At least one tactic or event preceding the release of Beyoncé's second solo album inspired a bemused three-syllable exclamation from anyone who was paying attention. The lead single, the late-'70s-funk-inspired "Deja Vu," had the audacity to not be as monstrous as "Crazy in Love" -- its stay at the top of the charts was relatively brief, so clearly there was evidence of some drop-off there. This was quickly followed by "Ring the Alarm," an angered, atonal, and out-of-character song with an accompanying video that invited all kinds of perplexed analysis, along with debate on whether Beyoncé was being autobiographical or, as the singer claimed, channeling her Dreamgirls character.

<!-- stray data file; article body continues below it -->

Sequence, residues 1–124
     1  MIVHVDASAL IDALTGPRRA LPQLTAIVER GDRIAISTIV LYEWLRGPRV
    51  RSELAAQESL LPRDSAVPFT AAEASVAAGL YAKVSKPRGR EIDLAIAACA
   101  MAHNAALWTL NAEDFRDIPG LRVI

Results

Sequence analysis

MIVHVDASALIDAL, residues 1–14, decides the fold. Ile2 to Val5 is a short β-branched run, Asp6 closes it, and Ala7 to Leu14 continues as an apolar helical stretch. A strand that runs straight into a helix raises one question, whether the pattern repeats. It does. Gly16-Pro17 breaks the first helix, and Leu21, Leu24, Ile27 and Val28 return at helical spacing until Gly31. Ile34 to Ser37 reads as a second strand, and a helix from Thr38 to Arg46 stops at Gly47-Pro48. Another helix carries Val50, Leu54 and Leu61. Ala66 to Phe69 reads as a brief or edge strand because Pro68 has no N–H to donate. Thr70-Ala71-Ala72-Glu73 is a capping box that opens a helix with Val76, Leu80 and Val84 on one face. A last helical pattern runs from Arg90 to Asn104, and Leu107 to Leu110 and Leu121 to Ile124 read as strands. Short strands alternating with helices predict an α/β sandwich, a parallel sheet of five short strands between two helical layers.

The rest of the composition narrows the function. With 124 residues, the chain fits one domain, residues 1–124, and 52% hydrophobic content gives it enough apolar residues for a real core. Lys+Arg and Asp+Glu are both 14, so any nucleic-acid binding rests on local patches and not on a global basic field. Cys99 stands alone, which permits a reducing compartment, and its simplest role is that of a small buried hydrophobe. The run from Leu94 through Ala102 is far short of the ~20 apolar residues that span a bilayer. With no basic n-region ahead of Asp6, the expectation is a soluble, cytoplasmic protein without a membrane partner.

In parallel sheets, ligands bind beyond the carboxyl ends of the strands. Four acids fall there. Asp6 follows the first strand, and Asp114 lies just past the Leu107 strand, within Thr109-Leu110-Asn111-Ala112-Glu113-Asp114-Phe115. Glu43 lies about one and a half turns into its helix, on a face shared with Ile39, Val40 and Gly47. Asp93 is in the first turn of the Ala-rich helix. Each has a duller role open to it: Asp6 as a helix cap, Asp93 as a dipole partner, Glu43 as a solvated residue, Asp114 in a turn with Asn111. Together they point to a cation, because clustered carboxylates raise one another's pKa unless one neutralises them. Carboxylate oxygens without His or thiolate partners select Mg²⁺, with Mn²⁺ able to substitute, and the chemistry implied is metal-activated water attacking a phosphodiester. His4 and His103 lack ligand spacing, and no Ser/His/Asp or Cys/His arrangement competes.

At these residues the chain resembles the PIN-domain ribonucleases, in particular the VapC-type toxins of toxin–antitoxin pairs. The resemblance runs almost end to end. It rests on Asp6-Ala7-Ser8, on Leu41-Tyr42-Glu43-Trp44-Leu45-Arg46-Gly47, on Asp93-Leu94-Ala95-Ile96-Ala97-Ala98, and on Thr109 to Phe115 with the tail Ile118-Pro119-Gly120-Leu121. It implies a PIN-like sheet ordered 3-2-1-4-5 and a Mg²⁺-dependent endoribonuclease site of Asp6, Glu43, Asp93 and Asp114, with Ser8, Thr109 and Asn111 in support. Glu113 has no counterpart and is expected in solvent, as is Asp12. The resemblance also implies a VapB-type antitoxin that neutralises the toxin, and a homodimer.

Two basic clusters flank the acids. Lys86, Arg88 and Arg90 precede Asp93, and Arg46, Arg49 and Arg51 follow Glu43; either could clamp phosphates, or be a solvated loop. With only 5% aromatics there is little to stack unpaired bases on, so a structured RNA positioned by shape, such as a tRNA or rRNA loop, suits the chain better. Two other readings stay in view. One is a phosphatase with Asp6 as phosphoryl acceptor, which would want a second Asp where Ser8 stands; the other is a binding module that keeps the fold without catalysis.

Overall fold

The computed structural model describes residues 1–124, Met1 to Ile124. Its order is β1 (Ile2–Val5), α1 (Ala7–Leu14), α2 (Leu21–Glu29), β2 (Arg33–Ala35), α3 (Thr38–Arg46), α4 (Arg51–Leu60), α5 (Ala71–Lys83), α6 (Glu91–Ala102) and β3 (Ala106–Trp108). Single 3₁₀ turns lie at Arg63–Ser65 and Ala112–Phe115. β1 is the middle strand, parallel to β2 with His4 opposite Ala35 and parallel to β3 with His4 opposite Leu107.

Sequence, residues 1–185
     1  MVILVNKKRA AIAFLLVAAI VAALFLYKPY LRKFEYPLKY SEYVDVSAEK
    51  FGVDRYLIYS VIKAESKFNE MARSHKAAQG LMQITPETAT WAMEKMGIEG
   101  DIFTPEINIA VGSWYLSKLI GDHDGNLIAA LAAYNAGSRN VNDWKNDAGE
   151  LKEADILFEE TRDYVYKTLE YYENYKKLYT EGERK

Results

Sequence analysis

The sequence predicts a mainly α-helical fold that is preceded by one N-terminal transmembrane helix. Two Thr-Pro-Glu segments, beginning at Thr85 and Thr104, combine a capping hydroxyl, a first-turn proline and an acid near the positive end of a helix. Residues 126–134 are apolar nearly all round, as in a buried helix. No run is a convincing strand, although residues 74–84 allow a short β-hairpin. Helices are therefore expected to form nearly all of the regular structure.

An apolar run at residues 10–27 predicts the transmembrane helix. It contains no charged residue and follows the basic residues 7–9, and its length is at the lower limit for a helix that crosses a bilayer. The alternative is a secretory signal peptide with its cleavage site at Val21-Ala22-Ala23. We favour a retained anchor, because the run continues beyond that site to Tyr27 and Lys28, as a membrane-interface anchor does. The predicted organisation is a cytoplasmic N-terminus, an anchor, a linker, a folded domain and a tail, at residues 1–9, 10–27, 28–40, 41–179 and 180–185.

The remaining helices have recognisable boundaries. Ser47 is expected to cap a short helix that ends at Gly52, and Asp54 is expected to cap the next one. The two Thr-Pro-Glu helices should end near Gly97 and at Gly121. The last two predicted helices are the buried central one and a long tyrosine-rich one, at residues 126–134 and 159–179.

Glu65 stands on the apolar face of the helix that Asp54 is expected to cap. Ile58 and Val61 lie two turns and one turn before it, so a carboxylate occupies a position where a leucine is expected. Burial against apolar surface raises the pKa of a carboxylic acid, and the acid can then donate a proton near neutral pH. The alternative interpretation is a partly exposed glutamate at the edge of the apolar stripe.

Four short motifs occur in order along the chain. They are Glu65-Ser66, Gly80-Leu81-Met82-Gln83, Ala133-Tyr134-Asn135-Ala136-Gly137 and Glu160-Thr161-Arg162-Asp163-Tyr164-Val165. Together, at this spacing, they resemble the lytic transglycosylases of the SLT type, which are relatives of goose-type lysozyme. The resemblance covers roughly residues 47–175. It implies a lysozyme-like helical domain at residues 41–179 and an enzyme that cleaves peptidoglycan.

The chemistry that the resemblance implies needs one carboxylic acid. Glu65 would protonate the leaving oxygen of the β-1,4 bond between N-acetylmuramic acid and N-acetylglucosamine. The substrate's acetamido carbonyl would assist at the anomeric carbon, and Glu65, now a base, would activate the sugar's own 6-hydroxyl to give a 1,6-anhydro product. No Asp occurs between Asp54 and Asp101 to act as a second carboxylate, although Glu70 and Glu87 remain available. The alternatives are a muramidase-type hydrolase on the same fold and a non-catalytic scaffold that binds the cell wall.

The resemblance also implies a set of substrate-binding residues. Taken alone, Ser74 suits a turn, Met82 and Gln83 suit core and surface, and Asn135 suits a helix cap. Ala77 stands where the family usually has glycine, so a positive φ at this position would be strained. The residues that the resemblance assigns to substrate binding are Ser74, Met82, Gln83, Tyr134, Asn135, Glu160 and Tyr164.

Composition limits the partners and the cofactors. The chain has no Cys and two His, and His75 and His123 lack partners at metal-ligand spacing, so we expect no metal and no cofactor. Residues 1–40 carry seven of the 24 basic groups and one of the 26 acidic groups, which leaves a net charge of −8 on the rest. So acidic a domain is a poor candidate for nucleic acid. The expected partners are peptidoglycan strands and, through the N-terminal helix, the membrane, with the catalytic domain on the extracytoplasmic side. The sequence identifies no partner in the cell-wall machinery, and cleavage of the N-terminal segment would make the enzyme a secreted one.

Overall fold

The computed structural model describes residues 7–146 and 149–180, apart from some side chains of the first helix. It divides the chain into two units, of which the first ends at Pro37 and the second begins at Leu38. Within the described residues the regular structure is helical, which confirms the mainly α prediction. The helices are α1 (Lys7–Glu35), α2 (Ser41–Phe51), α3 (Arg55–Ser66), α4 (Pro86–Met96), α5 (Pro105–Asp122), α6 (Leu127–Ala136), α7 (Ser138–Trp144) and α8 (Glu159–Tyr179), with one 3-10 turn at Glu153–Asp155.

Like most American singers of her magnitude, Beyonce speaks in life-coach soundbites that portray recording an album as a spiritual rite of passage. She says of her second solo record: "Everything I do creatively has to make me work harder and, hopefully, steer me in a direction I've never been before," which makes it sound like a schlep up personal-development mountain. But maybe it was, considering that the recording was squeezed into a three-week gap between completing filming of the Supremes saga Dreamgirls, and launching a fashion range called House of Dereon.